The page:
In a Vienna museum, Nazi-era art crams two small rooms, some still in storage boxes. A painting of Vienna’s opera features Nazi flags, a swastika is woven into a tapestry.
The pieces are part of an exhibit in the Austrian capital aiming to shed light on the politics of art under the Third Reich – one of the latest ways in which Vienna is seeking to address its complicated war-era past.
Austria, the birth place of Adolf Hitler, long cast itself as a victim after being annexed by Nazi Germany. Only in the past three decades has the country begun to examine seriously its role in the Holocaust.
The exhibit’s curators are hoping their research will help in that process – but they have been careful not to give the artworks too much of an “aura”.
Austria had a Jewish population of 200,000 before Nazi Germany annexed the country in 1938. More than 65,000 of them were killed in the Holocaust, which exterminated six million Jews.
Instead of being displayed on the museum’s large walls, the works are packed into just two rooms, as if in a warehouse.
“This can’t be like other exhibitions in the classical sense . . . it had to be broken up,” curator Ingrid Holzschuh said.
The show came about after four years of research by Holzschuh and fellow curator Sabine Plakolm-Forsthuber, who combed through the membership files of 3,000 artists who officially belonged to the Reich’s artistic association after the Nazi annexation.
The artists were all carefully vetted and closely watched.
“Aspiring members needed to meet the Nazi regime’s artistic, political and racial criteria,” says material for the show.
“Political dissidents and Jewish artists were barred.”
Under the regime, Viennese artists who did not comply with the new rules were forced to flee or murdered in concentration camps, according to the show’s catalogue.
“The Nazi regime secured control of the art world and steered it in accordance with its ideological and racist vision,” it says.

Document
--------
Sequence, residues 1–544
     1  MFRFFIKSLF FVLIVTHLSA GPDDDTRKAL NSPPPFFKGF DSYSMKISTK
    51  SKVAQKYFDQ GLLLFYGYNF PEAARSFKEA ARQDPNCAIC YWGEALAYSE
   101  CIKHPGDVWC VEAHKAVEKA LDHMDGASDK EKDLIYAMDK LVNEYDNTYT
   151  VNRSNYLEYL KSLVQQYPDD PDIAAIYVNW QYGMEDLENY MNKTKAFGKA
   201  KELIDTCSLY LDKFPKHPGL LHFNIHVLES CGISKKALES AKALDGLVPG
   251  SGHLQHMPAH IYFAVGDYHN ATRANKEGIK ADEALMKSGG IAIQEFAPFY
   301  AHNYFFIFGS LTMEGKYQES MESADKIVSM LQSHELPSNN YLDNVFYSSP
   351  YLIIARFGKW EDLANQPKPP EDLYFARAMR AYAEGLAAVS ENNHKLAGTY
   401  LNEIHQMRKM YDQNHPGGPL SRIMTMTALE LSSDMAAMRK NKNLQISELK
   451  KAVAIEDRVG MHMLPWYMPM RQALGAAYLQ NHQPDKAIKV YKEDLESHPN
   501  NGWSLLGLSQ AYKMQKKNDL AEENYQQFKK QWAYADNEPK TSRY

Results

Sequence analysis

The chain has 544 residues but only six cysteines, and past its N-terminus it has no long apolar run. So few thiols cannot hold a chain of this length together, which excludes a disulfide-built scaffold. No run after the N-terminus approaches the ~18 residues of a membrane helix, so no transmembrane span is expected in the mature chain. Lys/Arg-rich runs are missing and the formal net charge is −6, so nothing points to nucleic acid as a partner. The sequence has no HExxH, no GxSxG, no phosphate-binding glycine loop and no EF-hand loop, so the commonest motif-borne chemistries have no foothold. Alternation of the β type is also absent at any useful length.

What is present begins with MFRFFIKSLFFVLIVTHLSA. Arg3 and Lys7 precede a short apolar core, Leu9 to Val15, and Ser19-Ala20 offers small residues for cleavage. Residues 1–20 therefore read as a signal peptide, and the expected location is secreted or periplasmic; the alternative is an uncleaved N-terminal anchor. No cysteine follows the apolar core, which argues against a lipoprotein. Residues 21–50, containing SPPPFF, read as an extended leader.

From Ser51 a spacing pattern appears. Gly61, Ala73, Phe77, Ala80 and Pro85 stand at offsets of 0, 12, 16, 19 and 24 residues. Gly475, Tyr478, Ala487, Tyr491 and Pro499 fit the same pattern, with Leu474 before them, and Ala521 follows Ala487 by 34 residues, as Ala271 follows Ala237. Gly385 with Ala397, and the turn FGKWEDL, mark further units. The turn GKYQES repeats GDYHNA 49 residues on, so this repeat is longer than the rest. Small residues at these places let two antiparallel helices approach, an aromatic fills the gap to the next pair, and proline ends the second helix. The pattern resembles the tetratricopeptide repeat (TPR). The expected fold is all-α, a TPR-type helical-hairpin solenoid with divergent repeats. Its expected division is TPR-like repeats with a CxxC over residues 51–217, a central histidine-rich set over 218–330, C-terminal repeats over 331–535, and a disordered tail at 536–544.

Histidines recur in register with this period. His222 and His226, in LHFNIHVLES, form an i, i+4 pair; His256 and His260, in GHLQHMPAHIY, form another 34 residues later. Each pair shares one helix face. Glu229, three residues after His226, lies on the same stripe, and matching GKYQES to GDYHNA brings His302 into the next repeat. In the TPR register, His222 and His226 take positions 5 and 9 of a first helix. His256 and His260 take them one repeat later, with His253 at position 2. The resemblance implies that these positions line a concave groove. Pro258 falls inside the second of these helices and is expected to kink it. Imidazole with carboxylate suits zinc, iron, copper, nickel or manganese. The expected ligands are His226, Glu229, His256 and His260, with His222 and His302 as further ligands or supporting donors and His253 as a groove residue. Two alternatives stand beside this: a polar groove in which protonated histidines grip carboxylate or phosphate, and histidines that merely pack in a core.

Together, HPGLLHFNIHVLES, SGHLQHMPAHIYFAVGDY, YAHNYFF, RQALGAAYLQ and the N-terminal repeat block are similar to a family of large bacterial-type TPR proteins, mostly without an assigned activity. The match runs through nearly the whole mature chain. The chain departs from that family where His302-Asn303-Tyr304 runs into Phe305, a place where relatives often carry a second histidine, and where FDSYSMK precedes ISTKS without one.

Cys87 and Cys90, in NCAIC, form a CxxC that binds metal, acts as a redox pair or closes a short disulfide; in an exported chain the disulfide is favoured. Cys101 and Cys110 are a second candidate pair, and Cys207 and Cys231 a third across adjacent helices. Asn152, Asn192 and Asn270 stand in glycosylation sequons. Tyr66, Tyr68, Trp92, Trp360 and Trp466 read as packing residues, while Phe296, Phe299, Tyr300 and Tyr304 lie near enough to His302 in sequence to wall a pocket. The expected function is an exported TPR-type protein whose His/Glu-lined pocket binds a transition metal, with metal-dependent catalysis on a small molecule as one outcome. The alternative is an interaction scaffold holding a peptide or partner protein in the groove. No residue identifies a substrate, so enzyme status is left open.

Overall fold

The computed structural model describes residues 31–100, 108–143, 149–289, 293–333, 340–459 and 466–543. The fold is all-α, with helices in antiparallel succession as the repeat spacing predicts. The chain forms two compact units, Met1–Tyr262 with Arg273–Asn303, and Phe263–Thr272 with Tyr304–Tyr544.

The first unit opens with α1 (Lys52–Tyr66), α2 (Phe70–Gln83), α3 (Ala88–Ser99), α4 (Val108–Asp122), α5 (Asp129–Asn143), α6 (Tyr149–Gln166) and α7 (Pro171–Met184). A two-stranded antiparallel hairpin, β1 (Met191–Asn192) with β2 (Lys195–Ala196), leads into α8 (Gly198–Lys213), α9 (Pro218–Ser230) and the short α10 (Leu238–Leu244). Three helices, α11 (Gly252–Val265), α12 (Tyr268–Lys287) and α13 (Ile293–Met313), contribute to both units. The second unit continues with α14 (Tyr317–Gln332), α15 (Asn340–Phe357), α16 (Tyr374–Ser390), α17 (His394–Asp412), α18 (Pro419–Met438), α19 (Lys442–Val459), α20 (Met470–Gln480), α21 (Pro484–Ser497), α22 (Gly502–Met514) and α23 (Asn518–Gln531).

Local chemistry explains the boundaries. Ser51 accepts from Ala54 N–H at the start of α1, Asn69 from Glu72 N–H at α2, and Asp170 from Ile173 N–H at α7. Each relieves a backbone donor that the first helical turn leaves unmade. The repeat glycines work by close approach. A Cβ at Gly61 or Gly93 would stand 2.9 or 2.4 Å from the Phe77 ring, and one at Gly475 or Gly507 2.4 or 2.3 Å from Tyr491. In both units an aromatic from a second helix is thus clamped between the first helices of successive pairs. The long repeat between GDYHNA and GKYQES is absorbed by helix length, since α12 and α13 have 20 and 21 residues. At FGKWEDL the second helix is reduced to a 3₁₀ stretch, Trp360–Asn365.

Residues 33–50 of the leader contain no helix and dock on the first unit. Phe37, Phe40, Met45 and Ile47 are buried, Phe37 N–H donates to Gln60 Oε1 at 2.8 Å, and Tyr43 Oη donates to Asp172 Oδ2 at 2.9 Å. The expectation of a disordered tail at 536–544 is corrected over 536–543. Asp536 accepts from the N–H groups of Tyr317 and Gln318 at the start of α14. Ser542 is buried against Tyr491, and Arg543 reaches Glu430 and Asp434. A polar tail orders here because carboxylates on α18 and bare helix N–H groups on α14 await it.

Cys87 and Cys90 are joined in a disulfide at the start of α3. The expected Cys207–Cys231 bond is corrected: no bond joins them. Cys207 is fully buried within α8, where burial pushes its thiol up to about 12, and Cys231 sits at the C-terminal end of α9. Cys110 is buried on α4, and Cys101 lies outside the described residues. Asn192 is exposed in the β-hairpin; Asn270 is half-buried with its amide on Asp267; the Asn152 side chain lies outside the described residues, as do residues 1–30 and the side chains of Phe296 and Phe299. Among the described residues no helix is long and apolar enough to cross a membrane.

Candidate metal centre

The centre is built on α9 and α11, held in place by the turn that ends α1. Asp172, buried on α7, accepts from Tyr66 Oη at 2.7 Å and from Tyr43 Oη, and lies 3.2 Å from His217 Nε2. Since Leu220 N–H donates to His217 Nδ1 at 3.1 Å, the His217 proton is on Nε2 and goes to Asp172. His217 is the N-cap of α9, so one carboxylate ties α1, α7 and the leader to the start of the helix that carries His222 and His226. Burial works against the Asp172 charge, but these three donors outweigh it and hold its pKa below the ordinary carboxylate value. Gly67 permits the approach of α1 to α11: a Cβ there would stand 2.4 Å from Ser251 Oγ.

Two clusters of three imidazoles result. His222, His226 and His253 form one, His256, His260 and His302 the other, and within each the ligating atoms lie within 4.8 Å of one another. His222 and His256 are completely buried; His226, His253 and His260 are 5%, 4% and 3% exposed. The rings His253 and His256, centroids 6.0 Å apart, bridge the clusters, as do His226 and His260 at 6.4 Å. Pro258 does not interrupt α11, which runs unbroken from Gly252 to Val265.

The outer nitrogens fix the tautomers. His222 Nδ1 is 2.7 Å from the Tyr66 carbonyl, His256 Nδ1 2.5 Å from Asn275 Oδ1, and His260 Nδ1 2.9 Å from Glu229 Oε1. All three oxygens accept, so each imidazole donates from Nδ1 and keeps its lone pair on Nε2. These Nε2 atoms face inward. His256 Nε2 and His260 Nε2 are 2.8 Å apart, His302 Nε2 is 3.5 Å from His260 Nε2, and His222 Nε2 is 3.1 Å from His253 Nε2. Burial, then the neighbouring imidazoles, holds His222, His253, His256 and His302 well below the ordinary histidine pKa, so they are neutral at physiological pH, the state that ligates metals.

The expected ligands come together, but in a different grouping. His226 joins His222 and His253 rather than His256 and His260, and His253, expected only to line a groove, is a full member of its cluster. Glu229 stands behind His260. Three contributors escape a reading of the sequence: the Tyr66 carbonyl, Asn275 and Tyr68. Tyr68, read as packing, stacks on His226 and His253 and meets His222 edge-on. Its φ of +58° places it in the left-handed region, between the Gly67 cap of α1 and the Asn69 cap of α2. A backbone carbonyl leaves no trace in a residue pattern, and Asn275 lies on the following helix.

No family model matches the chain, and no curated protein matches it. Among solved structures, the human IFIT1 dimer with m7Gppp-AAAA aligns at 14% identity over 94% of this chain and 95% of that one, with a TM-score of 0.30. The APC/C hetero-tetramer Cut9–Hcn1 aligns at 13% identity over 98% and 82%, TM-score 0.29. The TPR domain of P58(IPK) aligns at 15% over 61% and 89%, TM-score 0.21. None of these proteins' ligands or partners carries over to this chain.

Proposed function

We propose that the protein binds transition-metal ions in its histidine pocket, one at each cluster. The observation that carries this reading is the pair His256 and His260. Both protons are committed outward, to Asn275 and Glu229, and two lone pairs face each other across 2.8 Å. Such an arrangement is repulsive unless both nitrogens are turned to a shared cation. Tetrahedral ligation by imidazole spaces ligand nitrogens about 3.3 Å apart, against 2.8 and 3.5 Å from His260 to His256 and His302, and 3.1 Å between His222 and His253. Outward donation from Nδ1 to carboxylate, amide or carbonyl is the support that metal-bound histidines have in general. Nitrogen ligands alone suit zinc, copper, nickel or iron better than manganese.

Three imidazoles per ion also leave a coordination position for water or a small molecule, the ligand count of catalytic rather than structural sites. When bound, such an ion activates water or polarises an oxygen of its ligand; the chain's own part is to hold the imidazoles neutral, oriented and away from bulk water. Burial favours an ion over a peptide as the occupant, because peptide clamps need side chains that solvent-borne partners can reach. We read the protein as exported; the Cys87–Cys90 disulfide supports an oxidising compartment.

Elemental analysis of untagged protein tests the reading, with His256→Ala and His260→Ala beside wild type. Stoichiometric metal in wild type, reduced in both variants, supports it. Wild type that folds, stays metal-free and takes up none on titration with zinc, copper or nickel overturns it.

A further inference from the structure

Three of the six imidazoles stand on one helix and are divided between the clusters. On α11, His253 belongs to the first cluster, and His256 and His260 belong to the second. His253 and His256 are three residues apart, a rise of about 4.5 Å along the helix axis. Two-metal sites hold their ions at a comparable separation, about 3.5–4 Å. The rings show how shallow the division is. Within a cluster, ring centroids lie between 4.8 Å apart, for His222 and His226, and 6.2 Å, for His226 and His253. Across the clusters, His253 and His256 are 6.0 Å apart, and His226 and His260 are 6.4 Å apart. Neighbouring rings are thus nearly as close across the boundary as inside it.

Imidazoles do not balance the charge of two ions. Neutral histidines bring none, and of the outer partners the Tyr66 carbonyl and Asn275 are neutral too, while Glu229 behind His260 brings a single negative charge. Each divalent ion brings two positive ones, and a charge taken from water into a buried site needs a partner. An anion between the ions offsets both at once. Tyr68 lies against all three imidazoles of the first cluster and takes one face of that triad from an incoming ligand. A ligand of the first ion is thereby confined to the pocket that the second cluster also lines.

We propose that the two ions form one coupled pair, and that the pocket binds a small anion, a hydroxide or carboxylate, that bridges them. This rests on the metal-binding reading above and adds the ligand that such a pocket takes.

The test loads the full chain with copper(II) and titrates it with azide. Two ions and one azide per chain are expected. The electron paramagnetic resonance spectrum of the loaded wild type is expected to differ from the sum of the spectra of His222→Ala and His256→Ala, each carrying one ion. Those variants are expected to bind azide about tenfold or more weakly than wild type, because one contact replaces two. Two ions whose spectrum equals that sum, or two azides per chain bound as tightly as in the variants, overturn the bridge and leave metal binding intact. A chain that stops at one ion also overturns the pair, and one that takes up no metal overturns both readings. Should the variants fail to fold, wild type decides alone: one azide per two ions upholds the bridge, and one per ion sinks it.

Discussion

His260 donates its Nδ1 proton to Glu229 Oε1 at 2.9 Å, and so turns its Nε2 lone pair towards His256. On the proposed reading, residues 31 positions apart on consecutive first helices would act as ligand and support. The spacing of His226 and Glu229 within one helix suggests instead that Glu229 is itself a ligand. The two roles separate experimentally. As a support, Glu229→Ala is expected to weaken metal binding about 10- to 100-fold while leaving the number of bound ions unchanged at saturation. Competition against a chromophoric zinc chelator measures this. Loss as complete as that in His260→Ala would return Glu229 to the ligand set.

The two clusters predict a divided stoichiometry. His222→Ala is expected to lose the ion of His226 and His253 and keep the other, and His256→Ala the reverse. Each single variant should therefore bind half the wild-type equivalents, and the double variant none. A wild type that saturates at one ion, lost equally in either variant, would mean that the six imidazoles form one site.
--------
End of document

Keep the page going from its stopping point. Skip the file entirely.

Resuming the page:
Together with the biographical details of some of the artists, the exhibition displays their paintings, sculptures, textiles and pottery – most of them kept in storage by the city of Vienna for decades.
The show, called Vienna Falls in Line. The Politics of Art under National Socialism, is part of a broader trend of reconciling with an ugly chapter of Austrian history.
“Since the late ‘80s a big change of mood has taken hold . . . a big process of reflection has taken place,” said historian Gerhard Baumgartner, head of the Documentation Centre of Austrian Resistance.
Unearthing art from the period is part of that movement, and a way to learn more about the artists behind the pro-Nazi works – of which often little has been known.
“There is a great need to come to terms with history. There are still many gaps, and these gaps have to be closed,” curator Holzschuh said.
‘Culture of remembrance’
It’s not the only way the city is confronting its complicated past.
Vienna recently said it would launch an art competition to contextualise a statue of the anti-Semitic former mayor Karl Lueger who inspired Hitler, which has been defaced several times.
The city has also re-assessed street names honouring anti-Semitic or otherwise tainted historical figures – most recently galvanised by the Black Lives Matter movement and protests around historical monuments.
Already in 2012, after much controversy, a portion of the Ringstrasse – a circular boulevard in the city – previously named after Lueger was renamed.
Holzschuh and Plakolm-Forsthuber also wanted to reveal how some of the artists remained influential long after World War II, such as the sculptor Wilhelm Frass.
Frass, who professed his loyalty to the Nazis, continued to work after the war and even had his works commissioned by the city of Vienna.
Holzschuh’s and Plakolm-Forsthuber’s research culminated in a 300-page catalogue – along with the exhibition itself.
The show, which opened in October and runs to April, drew some 4,000 visitors in its first month – “a very big interest”, according to museum spokeswoman Konstanze Schaefer.
So far it has stayed clear of controversy except for one biting commentary in Austrian daily Kurier, which criticised money being spent to preserve Nazi art.
But city councillor Veronica Kaup-Hasler says shedding light on the past is “a good basis for decisions about the future”.
“A culture of remembrance and dealing with one’s own history play an important role in the city’s cultural policy,” she said.